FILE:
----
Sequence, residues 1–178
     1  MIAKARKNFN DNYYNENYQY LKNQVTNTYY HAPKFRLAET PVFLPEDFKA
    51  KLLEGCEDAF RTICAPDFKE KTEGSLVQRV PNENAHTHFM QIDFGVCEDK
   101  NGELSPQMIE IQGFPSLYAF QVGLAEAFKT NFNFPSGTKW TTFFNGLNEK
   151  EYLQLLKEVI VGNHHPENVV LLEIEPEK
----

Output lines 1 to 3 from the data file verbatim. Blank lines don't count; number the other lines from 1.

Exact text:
Sequence, residues 1–178
     1  MIAKARKNFN DNYYNENYQY LKNQVTNTYY HAPKFRLAET PVFLPEDFKA
    51  KLLEGCEDAF RTICAPDFKE KTEGSLVQRV PNENAHTHFM QIDFGVCEDK